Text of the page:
Universe

First Earth Flour in Space

First Earth Flour in Space. On the international space station ISS. It owes the Orange Zinnia green thumb by astronaut Scott Kelly. He had used care instructions by experts over and poured them after feeling.

“Our crops don’t look good. On Mars it would be problems. I’ll let my inner Mark Watney”, tweeted US Astronaut Scott Kelly last December from the ISS. There, he had taken over the care of the flowers, which were planted in November in the Veggie programme of the US space agency NASA in a special space greenhouse Chamber. Their breeding should in particular help scientists to understand how to grow plants in weightlessness and blossom.

Signs of stress on First Earth Flour in Space

But shortly after their germination, the plant began to ail. They showed clear signs of stress: during the growth phase, the leaves began to tilt and roll up, also formed at the edges of the leaves of water droplets. Squeezed out by the plant. Due to high humidity inside. This process, which ensures the nutrient transport in the capillaries with water saturation and helps the plant maintain posture is called Guttation. Because cells filled with water is also a plant that has no wood structure in good shape. At the zinnias, the astronauts evaluated the Guttation, however as a symptom of stress and that the roots were submerged.

First Earth Flour in Space
Stressed plants in space: the international space station ISS research on plants.

The zinnias in the space greenhouse began finally to mouldy and the leaves died off. NASA astronaut Kelly, who has spent more days in space. As any other astronaut worked together with the garden experts on the ground to rescue plans: they throttled the supply of water, turned to the ventilation system in the space greenhouse. But it did not help. The flowers recovered only as Kelly, who has a twin brother, all instructions and ingenious rescue plans overboard threw and poured only after his own feeling. Ultimately, only one survived, but the blooms now even more beautiful. The experiment allows conclusions, inter alia on the cultivation of tomatoes in outer space.

"Yes, there are other life forms in outer space", European astronaut Scott Kelly on January 16th, 2016 showed this picture.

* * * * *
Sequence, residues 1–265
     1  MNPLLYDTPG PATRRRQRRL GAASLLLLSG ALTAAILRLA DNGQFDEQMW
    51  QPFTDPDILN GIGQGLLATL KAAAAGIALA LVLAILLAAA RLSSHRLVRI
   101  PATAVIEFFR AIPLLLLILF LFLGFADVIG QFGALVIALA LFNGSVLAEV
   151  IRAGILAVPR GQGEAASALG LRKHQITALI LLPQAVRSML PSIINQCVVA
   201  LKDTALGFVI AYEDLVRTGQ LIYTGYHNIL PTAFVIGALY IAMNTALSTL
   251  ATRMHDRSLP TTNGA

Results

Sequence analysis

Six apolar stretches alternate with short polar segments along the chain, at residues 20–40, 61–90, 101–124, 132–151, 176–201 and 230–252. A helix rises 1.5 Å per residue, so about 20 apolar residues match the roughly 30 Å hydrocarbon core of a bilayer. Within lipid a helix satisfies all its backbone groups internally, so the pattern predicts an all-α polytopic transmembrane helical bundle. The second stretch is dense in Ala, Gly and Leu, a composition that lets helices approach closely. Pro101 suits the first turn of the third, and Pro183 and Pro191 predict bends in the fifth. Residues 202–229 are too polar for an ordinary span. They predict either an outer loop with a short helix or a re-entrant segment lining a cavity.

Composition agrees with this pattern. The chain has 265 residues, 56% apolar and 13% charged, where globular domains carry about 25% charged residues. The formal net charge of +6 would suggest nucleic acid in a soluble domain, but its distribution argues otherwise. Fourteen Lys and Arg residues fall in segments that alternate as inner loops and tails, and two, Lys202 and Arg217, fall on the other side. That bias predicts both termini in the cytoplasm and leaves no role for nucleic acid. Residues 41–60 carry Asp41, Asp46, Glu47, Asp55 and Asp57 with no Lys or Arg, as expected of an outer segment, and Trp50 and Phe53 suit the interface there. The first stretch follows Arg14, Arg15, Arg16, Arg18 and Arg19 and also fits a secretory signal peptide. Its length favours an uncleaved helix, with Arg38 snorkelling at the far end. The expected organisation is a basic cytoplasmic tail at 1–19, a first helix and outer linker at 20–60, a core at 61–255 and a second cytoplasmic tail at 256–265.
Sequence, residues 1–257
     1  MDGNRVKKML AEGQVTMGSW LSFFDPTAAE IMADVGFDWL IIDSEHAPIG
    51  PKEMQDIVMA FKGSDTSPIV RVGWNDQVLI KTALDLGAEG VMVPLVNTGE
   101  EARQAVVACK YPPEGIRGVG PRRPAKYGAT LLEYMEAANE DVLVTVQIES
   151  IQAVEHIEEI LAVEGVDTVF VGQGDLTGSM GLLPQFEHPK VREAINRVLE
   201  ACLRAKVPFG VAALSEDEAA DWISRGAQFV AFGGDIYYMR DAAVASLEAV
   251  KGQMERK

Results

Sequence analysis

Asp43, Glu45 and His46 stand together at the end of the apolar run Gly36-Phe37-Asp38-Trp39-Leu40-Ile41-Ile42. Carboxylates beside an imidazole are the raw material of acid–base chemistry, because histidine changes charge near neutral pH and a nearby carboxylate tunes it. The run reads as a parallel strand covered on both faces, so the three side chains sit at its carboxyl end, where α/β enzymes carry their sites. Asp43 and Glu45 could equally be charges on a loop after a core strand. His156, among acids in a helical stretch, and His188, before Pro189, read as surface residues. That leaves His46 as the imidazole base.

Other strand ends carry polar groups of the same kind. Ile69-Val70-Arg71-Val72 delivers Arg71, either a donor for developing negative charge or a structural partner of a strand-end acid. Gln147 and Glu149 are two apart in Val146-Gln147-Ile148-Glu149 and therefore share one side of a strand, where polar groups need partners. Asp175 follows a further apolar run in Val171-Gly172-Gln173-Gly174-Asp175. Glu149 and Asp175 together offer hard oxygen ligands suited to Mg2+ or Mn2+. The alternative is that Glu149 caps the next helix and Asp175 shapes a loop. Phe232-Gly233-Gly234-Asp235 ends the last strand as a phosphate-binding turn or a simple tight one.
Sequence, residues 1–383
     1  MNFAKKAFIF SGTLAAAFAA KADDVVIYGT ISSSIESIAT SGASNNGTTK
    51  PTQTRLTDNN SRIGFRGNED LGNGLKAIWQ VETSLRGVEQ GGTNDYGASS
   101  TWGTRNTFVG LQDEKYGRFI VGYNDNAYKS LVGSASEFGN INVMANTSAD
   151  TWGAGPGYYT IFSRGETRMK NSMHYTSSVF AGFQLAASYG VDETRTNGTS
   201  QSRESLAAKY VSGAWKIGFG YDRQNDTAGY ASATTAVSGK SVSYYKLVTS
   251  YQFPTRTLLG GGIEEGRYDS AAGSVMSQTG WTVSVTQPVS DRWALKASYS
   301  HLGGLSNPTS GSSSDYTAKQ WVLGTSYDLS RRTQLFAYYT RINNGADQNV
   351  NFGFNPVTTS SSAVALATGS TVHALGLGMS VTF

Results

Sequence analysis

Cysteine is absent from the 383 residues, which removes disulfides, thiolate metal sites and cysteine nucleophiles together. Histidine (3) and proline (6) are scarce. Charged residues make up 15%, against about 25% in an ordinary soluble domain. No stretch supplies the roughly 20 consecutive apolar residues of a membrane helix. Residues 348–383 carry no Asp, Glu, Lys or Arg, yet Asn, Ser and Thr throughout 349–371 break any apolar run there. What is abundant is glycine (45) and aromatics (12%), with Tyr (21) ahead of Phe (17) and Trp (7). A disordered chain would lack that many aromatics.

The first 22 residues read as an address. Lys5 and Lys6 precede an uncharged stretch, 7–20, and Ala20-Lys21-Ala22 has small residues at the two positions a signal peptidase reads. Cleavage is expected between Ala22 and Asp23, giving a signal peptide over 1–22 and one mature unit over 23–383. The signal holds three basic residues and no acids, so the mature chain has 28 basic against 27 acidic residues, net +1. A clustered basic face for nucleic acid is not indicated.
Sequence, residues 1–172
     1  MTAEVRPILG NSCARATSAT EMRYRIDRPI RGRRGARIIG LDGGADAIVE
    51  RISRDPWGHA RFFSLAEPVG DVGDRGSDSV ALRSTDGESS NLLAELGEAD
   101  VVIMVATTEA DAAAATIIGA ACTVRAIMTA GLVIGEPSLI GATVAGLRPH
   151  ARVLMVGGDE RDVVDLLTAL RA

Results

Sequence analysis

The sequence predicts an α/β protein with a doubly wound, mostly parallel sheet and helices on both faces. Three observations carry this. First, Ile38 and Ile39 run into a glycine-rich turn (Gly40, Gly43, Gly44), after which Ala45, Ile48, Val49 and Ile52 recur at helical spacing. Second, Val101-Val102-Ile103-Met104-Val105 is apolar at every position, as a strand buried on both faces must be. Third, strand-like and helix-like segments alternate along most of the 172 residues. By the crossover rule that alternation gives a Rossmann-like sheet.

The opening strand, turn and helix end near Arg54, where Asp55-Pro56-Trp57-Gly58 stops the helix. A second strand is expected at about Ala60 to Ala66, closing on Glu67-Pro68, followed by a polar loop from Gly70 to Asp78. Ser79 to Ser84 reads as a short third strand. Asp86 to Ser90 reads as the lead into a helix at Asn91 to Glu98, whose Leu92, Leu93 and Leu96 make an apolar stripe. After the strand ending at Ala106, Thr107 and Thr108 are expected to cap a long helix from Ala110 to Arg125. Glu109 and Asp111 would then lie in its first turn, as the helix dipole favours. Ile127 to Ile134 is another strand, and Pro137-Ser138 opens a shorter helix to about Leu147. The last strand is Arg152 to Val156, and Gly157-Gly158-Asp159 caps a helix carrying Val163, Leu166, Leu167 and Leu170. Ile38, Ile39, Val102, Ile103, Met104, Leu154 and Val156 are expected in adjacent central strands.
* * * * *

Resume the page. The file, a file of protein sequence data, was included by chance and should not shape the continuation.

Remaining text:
“Yes, there are other life forms in outer space”, European astronaut Scott Kelly on January 16th, 2016 showed this picture.

Growth in zero gravity

The Veggie called space was greenhouse Chamber in may 2014 on the ISS installed for First Earth Flour in Space. It is intended to provide insights into the production of fresh food in the space such as long-term missions. On Earth the roots in the Earth and the green part of the plant in the light use gravity plants apparently, to grow in the right directions . As the German Airspace Center (DLR), plants in the roots and the offspring have specialized cells, where heavy, because starch-rich cell particles always in direction of gravity drop. The cell detects the location of these particles and corrected the alignment of root and shoot of.

First Earth Flour in Space - Scot Kelly
Selfie ISS astronaut Scott Kelly: the recording is from the August 2015. In the background, farmed salad can be seen on the space station.

Since plants breathe, one does care for the optimum air circulation inside the greenhouse Chamber so that they do not choke on their own emissions. Another problem in weightlessness is that the water in the breeding ground can distribute so that it encloses the roots air-tight. In the Veggie irrigation system the water therefore Wicks is transported so that the roots get sure enough oxygen. First Earth Flour in Space growing differently without gravity.